Around eleven, three hours after he was supposed to show up, I still wasn’t hearing anything. That’s when it struck me I wasn’t hearing anything at all out there. Normally I could hear my neighbors moving around, chatting, listening to music on the radio or playing the piano, slamming the door as they stepped out to run this or that errand. There was none of that. The entire old and creaky building was deathly quiet in a way I’d never heard it before.
My initial thought was, given the impending noise and mess, maybe they simply vacated the premises for the day, leaving the door unlocked to let the workmen come and go as need be. They were an older couple (older than me anyway), and had done that sort of thing before. The day beforehand they’d kindly offered to let me use their bathroom if need be while he was working up here, but after I pointed out the work described would likely mean shutting off the water for the whole building, maybe they decided it would be better to get themselves someplace where they’d have easy access to a functioning bathroom. It wasn’t a bad idea.
Waiting for plumbers, contractors, phone repairmen who don’t show is simply a standard form of recreation in New York, and having learned a thing or two these past five years about the reliability of my landlord’s claims about threatened repairs or improvements, I wasn’t going to fuss about it much. It was a huge pain in the ass—I’d pushed a bunch of things back a day for this, and the rest of the week was starting to look nutty as a result—but ranting about it would accomplish nothing. I’d just have to deal.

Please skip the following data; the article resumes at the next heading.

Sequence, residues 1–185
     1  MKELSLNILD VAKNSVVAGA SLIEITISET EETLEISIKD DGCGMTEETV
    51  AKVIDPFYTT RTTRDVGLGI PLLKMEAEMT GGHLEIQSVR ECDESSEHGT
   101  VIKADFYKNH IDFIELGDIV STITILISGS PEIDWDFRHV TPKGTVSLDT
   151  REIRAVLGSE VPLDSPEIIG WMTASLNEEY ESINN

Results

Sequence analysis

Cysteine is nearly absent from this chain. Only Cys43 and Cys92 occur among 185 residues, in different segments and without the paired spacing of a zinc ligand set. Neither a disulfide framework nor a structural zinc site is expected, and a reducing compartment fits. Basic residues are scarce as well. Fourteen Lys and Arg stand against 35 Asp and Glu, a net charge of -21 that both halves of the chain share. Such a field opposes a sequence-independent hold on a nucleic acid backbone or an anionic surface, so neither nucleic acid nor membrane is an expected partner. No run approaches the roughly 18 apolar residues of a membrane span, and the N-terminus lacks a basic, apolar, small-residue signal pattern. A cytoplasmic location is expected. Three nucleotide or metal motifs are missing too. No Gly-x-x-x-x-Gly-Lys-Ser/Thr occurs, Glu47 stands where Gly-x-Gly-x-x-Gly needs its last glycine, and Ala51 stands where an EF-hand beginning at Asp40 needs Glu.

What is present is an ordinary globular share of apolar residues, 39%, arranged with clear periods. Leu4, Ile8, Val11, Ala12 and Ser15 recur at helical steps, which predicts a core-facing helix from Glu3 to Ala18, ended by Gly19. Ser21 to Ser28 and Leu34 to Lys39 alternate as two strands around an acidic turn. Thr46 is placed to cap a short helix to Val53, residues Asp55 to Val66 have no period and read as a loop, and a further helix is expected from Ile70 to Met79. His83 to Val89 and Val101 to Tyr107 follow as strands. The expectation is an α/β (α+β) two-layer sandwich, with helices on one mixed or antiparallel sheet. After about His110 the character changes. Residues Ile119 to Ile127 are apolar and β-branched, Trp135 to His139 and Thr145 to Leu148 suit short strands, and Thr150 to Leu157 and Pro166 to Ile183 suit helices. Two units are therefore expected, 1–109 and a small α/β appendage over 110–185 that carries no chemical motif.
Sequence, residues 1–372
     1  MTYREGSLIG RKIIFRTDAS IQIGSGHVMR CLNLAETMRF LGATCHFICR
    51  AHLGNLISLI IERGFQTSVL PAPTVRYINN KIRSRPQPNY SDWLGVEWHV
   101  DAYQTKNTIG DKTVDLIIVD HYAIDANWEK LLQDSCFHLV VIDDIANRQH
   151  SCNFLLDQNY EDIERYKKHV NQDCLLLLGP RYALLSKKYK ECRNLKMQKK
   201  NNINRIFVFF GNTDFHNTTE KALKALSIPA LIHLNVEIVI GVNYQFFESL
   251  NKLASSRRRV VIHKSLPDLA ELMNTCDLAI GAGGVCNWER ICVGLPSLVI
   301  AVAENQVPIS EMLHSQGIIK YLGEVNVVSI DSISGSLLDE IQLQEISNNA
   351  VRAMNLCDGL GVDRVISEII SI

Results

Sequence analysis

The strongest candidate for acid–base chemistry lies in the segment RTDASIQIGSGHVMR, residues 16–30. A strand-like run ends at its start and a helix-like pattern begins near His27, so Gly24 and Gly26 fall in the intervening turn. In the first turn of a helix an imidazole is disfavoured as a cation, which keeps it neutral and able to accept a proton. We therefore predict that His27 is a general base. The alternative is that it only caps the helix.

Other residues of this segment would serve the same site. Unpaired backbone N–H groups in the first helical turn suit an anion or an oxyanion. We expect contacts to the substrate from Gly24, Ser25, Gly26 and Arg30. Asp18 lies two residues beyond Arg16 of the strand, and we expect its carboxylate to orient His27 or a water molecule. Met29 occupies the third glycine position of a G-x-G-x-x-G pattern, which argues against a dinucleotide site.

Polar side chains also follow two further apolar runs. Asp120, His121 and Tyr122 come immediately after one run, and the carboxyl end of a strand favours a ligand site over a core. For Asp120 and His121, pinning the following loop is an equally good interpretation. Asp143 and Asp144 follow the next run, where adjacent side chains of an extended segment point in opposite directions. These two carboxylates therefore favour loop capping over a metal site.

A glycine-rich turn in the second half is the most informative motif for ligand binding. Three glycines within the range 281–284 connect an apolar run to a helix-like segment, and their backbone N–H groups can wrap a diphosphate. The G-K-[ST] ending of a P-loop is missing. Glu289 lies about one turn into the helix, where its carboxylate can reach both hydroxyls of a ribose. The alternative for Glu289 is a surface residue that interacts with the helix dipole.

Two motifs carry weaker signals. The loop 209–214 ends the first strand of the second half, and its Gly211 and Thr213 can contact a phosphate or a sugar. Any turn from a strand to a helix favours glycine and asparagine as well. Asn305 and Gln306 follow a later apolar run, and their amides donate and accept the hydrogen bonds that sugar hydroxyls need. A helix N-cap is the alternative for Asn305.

By the time one o’clock came and went and I still hadn’t heard anything from either my neighbors or the quite possibly mythical plumber, another, more troubling thought crept into my head. Maybe my neighbors hadn’t snuck out for the day at all.
I wasn’t thinking they were dead or anything, that maybe the plumber had indeed shown up on schedule and bludgeoned them to death with a pipe wrench for giving him shit about the mess. I guess that would’ve been the normal thing to think.
No, as the depth of the impenetrable and foreign silence of the building began to creep into my consciousness I started to wonder if maybe something else was going on, like the situation faced by the young woman in Carnival of Souls. Maybe earlier that morning, as I was stepping across the street to get the day’s beer, I’d been hit by a car and killed instantly. Happens every other day in New York, after all, and the cars sure can whip down the street and through the intersection when they put their minds to it. With me being blind and these stupid hybrid cars getting quieter all the time, well, it wouldn’t be a big surprise. And now, being dead, I was doomed to wander around a silent apartment building forever, waiting for a plumber who was never going to show. For an instant I considered peeking out the front window to see if I was still splayed on the pavement in the middle of the intersection, surrounded by gawkers and hopeless EMTs, but I immediately remembered that would be pointless. Nope, this was just going to be it from here on in, century after century, wandering from room to room wondering if it was safe yet to start moving things back into the bathroom. Might as well get used to it. I never had any use for any belief in an afterlife, but if it did exist and this was the form it took, well I guess it made about as much sense as anything else.
When the phone rang around two, and I realized if I really was dead it was unlikely anyone would be calling me, I gotta say I was a little disappointed.
Plumber never did show though.